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U.S. Taps Countries of Foreign Fighters for Help

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U.S. Taps Countries of Foreign Fighters for Help

Iraq

U.S. Taps Countries of Foreign Fighters for Help

U.S. Taps Countries of Foreign Fighters for Help

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  • <iframe src="https://www.npr.org/player/embed/90090625/90090611" width="100%" height="290" frameborder="0" scrolling="no" title="NPR embedded audio player">
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A top U.S. counter-terrorism official says foreign fighters have flocked to Iraq, and if they survive the battles there, they will pose a danger to their native countries when they return home.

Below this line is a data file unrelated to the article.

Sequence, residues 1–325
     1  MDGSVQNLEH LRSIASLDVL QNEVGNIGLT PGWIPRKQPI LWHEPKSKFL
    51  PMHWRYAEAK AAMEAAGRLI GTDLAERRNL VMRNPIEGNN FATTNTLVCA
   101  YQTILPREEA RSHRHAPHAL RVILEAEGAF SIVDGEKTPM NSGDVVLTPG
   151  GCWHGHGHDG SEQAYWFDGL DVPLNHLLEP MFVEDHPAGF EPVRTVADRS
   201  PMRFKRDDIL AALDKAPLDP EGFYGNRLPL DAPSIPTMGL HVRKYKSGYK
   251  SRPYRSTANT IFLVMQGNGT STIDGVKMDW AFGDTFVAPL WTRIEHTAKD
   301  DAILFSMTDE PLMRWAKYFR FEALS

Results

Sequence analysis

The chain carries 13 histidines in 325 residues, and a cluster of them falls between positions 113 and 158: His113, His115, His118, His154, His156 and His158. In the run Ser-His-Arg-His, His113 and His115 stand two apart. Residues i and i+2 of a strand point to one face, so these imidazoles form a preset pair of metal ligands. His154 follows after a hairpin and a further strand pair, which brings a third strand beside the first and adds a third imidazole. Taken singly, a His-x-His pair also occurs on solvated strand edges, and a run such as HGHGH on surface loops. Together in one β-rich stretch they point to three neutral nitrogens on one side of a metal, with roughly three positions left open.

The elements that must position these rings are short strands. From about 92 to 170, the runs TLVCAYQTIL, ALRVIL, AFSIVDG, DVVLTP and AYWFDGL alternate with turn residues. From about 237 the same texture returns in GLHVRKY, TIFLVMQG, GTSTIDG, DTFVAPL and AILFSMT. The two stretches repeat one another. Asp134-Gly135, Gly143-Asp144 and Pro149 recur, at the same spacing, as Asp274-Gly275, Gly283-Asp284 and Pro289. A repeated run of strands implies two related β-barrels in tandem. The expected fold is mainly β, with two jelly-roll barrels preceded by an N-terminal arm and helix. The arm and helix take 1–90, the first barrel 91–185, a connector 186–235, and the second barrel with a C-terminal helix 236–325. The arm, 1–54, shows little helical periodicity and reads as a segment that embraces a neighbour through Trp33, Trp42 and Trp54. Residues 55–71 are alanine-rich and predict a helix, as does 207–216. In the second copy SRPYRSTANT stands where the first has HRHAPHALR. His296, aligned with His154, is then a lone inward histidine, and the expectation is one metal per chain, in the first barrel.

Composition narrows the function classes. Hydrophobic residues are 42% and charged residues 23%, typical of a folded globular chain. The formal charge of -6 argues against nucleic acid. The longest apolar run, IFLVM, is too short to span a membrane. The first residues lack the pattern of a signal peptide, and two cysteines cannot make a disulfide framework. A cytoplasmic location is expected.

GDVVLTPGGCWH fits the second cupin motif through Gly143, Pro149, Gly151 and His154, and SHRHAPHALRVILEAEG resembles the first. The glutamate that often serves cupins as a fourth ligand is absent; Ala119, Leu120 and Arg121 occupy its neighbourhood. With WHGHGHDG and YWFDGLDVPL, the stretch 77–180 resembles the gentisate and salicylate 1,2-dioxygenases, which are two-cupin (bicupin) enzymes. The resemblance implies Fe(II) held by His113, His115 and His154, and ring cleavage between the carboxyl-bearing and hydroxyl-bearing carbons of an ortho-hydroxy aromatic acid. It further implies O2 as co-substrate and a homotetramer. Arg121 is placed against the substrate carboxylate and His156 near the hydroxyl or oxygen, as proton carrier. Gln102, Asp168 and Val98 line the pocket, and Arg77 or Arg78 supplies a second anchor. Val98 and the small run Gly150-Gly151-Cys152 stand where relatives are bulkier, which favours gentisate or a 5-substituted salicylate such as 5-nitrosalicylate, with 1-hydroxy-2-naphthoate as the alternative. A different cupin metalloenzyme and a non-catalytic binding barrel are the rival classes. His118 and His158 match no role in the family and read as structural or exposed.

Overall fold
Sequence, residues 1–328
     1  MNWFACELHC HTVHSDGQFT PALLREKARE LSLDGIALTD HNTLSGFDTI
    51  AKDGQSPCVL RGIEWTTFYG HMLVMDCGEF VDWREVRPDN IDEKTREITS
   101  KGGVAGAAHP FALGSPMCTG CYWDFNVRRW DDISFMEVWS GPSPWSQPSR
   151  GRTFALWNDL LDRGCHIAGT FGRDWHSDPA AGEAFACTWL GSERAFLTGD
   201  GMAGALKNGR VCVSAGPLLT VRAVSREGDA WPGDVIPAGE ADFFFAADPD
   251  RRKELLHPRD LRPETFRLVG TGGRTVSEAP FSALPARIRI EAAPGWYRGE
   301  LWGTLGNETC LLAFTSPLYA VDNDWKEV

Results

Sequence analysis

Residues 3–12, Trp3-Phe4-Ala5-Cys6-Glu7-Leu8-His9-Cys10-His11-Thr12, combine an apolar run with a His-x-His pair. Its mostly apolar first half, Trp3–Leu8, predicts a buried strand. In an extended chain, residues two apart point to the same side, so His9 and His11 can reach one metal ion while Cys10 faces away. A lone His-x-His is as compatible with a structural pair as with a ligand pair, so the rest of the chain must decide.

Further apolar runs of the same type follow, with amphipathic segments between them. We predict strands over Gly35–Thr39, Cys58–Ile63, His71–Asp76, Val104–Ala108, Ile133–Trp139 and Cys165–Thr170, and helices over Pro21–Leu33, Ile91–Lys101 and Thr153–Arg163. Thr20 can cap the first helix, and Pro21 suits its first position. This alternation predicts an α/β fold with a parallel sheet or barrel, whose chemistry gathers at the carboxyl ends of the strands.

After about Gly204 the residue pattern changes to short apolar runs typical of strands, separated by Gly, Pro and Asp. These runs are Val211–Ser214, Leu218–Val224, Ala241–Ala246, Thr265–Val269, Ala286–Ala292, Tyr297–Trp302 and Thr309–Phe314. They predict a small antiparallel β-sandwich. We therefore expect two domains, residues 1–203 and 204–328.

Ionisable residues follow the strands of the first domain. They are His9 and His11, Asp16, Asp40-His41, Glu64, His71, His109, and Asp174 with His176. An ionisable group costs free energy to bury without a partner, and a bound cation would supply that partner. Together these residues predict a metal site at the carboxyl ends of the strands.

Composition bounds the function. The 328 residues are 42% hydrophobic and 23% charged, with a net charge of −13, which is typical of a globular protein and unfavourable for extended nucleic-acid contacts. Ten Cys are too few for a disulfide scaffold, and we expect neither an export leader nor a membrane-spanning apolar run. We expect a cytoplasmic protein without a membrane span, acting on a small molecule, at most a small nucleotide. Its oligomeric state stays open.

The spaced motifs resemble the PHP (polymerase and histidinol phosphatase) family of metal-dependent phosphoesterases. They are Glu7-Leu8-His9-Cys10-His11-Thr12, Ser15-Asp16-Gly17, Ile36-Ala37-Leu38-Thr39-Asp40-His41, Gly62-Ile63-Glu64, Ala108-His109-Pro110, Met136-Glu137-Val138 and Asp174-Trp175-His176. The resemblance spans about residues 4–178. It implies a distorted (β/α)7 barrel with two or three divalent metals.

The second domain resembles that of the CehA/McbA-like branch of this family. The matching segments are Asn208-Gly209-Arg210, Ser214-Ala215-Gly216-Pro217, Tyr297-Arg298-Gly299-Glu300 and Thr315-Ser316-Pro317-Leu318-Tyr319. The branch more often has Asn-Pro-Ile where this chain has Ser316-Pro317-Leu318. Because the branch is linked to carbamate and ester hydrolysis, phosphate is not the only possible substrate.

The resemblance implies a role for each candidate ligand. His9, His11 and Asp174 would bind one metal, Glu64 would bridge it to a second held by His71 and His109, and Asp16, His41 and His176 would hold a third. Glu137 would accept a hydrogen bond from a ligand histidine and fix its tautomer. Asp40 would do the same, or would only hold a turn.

Ambassador Dell Dailey, who visited key nations after the U.S. discovered a mass of computer files inside Iraq last fall, talks with Steve Inskeep about U.S. efforts to reduce the flow of foreign fighters entering Iraq, and about the threat that al-Qaida poses nearly seven years after the Sept. 11 attacks.

Dailey says the 800 electronic files that were recovered identify individuals — originating from 22 countries — who entered Iraq through Syria as foreign fighters between August 2006 and August '07.

Dailey visited the home nations of those individuals — nations with the most fighters included Saudi Arabia and Libya — to ask for support and get clues as to why they became suicide bombers.

Iraq suffered the largest number of terrorist attacks of any nation in 2007, according to the State Department's latest report on global terrorism. The report was released Wednesday.

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